In General Genealogy, Places on February 3, 2010 at 8:37 AM

Yet another great blog topic suggested by Geneablogger.

Feystown’s Old School

Feystown Church (St. Patrick’s, Roman Catholic)

Feystown is just outside (southwest) of Glenarm, in County Antrim, in Northern Ireland.

My Painter Soldiers in WWI

In General Genealogy, My Genealogy, Painter, WWI on January 25, 2010 at 3:06 PM

I”m not sure how I ended up there, but yesterday I found myself  knee-deep in World War I research.  In particular I was reading up on the Canadian Railway Troops (CRT) and the 16th Battalion (Canadian Scottish) to which grandpa and his brother (my granduncle) belonged respectively.

Going over my granduncle’s military file (search Attestation Forms at CollectionsCanada, then order a copy of the entire file for around $30),  I found that while it was true he belonged to the 16th Battalion when he died, he had only belonged to them for a month before he was killed.  His short career in the army saw him transferred between four different battalions.

Grandpa on the othe other hand, being older, enlisted earlier in January 1915 and was transferred only once, from his enlisted battalion (58th) to the 1st Canadian Pioneers, which later became known as the 9th CRT.  His paybook and file paysheets list him as a Steam Tractor Engineer & Repairs.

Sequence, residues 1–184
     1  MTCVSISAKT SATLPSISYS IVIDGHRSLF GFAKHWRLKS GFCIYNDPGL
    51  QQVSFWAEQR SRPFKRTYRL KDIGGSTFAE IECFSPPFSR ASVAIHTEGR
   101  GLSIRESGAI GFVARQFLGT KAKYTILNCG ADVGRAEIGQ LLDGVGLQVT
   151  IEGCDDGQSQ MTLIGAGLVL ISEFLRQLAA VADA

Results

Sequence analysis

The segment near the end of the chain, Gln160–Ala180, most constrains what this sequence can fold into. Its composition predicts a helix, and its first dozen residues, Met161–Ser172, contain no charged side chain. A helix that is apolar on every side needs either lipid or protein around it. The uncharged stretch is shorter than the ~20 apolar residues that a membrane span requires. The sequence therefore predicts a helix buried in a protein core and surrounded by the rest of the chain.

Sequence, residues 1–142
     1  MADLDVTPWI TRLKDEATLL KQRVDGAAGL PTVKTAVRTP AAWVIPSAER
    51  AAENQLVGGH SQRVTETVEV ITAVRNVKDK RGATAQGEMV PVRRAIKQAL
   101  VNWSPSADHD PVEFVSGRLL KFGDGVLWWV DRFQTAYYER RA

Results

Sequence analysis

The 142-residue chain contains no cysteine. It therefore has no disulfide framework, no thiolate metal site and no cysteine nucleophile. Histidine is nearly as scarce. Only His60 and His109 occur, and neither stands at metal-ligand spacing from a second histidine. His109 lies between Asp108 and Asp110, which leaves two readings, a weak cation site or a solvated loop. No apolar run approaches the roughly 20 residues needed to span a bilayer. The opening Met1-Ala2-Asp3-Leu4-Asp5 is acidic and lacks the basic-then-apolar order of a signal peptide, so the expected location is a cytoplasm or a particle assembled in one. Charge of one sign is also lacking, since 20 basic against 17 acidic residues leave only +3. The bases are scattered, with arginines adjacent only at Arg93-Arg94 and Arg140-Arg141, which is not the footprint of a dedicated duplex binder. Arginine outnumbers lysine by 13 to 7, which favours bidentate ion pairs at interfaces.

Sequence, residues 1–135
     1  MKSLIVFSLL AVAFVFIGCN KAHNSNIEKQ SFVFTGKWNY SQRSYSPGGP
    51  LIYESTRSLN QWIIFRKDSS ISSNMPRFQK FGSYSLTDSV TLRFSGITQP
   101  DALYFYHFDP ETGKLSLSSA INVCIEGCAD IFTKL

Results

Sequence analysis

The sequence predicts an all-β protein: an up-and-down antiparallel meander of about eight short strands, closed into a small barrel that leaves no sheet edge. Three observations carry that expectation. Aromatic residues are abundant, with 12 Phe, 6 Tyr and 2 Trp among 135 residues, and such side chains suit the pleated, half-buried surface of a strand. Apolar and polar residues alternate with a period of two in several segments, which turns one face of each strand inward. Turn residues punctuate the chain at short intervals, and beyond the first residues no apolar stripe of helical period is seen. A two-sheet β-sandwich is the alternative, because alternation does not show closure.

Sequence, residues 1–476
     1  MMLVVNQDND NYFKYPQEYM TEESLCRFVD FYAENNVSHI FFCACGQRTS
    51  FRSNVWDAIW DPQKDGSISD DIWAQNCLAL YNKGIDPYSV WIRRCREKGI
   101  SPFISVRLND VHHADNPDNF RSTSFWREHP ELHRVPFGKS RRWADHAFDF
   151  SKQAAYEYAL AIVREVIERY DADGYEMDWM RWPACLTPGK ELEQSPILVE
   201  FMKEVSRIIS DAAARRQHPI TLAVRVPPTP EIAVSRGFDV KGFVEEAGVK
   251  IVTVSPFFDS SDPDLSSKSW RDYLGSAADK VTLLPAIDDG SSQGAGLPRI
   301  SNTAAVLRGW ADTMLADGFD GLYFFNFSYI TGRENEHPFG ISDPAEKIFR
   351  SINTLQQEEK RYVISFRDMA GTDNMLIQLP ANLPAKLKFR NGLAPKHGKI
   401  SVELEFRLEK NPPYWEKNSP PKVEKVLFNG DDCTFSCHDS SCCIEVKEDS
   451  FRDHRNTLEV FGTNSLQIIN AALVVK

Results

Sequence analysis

For an interesting description of what it was like in France, and in  particular being part of a CRT company, download and read France & Flanders: four years experience told in poem & story (1919) by W. Brindle, a Sapper (roughly the engineer equivalent of a Private).   What a promising source InternetArchive (, Canadian version) is!

Another wonderful source of information I found was the CEF (Canadian Expeditionary Force) Study Group.  Try searching on your ancestor’s battalion to begin with, or just browse..  The amount of accumulated knowledge on this site is formidable.

Finding out what happened on a specific day in the war in a particular battalion is actually quite easy–search on the battalion and read the War Diaries.  Almost everyday entries were made describing what the battalion did on that day.  Although very few names are specifically mentioned, it can give you a very good overview of what things your ancestor did on a day-to-day basis, and show what happened the day, as in my granduncle’s case, your ancestor died.

There are many many books out there written on specific battalions and battles.  If you are researching the 16th Battalion as I am, I highly recommend Brave Battalion by Mark Zuehlke (Chapters, Amazon).  Last night I read 4 pages detailing what happened October 1st, 1918, giving me a pretty good idea exactly what my granduncle’s last morning was like, and how and where (and why) he was likely killed.  Thank you to my sister for giving me this book for Christmas!

New Year’s Genealogical Goals

In Deacon, General Genealogy, Thompson on December 31, 2009 at 10:50 AM

I’m not usually one to do New Year’s resolutions–as my dad would say, I once made a resolution to never make resolutions and have kept it to this day.  However, goals are always a good idea.

I will finally order my grand-aunty Fran’s birth registration this year to see if it will shed any light on my secretive (aka brick wall) great-grandmother Deacon.  “Grandma Deac” has woven a pretty intricate trail, even if she didn’t mean to, and I have been on it for a decade or so now.  If nothing new comes up on said birth registration, then I shall let grandma Deac keep her secrets.  For now.